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How the monarchy cashes in on our seabed

By Guy Standing

19 Jul 2023 · 11 min read

informed Summary

  1. The sea, seabed, and seashore have historically been considered part of the commons, belonging to everyone equally and not as state or private property. This concept was established in ancient Rome and carried forward in the Magna Carta and the Charter of the Forest of 1217.

Ever since ancient Rome, the sea, seabed and seashore have been accepted as part of the commons—res communes omnium—belonging to everybody equally, and inalienable as state or private property. The commons as a distinct form of property was taken forward in Magna Carta and the Charter of the Forest of 1217, the twin bedrocks of common law and all democracies.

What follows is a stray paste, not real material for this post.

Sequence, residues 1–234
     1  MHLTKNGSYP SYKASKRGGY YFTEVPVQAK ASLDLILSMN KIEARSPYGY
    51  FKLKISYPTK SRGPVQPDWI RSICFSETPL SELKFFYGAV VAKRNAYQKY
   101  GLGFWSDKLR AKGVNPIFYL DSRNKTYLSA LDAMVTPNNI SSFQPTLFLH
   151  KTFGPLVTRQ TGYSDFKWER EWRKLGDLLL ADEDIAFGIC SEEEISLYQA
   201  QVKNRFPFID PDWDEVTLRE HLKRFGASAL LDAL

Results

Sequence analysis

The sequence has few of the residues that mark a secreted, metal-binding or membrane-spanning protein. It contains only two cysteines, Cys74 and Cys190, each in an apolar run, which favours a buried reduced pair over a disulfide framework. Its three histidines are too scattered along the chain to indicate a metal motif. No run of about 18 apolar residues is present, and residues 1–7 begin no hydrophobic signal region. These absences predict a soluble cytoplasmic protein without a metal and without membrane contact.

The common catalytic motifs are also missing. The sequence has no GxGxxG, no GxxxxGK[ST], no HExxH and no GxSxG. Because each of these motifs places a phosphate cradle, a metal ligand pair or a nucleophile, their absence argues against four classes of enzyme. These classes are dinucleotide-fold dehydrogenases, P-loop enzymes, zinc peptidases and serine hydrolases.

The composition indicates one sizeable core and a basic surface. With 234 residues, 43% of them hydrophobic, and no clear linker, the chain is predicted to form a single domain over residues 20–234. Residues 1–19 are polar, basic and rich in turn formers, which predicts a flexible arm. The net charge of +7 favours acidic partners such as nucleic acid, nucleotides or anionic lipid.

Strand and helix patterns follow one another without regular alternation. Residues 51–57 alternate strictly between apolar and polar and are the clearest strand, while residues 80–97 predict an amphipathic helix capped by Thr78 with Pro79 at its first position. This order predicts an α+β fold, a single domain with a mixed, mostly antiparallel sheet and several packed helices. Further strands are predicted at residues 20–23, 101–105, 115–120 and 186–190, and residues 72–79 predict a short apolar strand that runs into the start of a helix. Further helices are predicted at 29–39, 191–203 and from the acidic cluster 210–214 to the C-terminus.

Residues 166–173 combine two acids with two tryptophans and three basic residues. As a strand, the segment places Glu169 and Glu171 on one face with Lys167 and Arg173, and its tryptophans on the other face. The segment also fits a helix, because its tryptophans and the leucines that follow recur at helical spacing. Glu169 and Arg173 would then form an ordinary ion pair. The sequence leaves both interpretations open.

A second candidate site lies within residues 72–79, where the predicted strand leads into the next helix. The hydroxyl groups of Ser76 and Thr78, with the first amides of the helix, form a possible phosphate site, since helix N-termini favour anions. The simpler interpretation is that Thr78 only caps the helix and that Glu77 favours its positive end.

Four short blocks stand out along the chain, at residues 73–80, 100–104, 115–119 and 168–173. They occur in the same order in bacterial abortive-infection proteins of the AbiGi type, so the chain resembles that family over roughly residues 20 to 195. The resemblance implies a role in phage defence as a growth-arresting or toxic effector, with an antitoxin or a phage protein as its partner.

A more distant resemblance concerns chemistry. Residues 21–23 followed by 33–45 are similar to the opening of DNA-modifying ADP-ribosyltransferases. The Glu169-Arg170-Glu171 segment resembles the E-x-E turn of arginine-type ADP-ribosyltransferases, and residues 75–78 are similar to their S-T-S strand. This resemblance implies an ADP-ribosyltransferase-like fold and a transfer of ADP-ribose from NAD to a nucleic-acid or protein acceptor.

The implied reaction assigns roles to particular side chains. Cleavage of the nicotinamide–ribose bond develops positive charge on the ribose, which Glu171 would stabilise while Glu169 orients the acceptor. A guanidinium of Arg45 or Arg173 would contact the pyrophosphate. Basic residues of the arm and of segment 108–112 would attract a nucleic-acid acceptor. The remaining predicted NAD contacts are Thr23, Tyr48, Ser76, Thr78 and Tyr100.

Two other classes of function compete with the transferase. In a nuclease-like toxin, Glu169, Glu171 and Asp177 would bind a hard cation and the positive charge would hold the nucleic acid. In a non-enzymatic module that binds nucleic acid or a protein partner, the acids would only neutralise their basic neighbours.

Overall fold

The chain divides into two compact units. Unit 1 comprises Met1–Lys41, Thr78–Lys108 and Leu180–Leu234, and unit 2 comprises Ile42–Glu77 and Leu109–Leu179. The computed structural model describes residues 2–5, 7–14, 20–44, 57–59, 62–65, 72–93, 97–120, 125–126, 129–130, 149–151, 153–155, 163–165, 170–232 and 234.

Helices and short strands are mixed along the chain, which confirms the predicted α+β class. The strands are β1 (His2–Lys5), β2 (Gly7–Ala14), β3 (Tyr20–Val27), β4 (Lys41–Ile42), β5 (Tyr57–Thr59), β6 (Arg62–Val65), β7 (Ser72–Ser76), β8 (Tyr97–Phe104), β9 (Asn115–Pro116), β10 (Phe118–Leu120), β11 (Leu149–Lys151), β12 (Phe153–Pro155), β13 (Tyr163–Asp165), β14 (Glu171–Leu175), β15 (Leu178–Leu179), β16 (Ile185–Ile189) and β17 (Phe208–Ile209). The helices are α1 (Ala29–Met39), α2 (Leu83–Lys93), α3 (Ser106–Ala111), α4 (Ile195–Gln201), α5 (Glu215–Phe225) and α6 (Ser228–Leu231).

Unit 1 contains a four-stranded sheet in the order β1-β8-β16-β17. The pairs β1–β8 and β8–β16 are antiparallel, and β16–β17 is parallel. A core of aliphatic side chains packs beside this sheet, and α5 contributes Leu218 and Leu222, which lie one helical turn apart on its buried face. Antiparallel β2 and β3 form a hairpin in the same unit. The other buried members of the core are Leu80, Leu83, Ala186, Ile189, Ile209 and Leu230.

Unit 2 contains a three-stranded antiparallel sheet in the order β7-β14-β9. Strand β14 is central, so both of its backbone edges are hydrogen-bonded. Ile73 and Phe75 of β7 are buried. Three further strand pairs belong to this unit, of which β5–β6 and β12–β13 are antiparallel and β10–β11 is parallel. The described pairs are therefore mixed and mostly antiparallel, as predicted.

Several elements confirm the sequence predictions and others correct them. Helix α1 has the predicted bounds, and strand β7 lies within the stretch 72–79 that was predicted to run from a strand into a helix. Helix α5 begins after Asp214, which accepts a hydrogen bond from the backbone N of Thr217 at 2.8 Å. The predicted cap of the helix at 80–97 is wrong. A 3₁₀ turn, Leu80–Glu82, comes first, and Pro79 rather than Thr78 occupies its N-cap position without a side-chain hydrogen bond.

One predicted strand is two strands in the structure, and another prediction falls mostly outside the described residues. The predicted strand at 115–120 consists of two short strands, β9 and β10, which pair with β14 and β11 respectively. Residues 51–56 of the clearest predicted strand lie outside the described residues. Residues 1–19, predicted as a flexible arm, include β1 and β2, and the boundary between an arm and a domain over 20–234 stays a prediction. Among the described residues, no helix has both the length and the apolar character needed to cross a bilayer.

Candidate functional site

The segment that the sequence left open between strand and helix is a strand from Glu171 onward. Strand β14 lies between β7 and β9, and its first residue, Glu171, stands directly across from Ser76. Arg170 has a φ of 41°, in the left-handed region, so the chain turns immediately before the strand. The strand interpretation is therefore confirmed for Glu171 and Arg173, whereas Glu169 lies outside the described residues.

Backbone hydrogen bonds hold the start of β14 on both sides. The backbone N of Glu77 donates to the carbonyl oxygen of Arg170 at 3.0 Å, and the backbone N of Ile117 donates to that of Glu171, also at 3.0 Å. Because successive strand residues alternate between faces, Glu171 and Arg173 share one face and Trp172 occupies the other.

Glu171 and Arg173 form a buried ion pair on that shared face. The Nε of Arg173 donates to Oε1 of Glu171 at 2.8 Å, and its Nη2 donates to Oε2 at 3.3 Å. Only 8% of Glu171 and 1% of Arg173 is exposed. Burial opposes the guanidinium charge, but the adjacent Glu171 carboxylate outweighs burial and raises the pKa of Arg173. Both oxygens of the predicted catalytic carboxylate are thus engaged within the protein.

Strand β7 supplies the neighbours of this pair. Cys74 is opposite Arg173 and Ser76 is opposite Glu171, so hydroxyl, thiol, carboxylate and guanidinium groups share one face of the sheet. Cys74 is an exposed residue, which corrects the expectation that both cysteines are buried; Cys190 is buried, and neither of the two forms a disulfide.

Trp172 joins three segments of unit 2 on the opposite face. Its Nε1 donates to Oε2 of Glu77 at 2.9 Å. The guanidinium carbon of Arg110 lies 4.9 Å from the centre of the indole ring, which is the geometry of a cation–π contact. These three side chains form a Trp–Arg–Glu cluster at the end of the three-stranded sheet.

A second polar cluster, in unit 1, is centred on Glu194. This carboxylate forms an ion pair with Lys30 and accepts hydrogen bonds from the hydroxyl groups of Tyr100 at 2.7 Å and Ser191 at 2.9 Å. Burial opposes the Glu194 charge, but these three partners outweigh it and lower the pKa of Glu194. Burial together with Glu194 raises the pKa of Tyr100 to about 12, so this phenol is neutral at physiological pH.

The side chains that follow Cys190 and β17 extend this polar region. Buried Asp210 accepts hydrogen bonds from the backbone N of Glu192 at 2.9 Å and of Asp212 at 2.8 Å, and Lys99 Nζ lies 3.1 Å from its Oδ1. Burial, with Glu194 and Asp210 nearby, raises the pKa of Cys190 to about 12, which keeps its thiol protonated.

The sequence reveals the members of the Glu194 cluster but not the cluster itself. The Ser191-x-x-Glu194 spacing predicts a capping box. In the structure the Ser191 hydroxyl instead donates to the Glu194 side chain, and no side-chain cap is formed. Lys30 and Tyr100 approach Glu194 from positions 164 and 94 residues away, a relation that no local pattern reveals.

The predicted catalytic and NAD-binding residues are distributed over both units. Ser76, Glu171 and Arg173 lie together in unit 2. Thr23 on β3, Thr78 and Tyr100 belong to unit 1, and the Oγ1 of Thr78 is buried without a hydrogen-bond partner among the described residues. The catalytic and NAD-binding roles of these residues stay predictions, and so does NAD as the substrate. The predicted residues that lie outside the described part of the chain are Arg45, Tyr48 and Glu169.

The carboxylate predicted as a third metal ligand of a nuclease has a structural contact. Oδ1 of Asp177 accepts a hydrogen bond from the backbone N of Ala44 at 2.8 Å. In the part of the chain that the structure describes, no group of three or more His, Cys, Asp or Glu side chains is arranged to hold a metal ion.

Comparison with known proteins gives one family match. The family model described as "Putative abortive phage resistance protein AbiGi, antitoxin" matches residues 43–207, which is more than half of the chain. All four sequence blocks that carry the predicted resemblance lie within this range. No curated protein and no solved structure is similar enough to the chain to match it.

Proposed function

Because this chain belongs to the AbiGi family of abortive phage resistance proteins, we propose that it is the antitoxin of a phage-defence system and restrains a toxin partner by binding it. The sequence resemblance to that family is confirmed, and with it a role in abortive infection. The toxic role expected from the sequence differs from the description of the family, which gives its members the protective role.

A commons depends on the “sovereign”—in the UK’s case, the monarchy—acting as steward or trustee, with responsibility for preserving it for generations to come. For more than 650 years, following a ruling by King Edward I in 1299, the monarchy accepted this positive duty, known as the Public Trust Doctrine.

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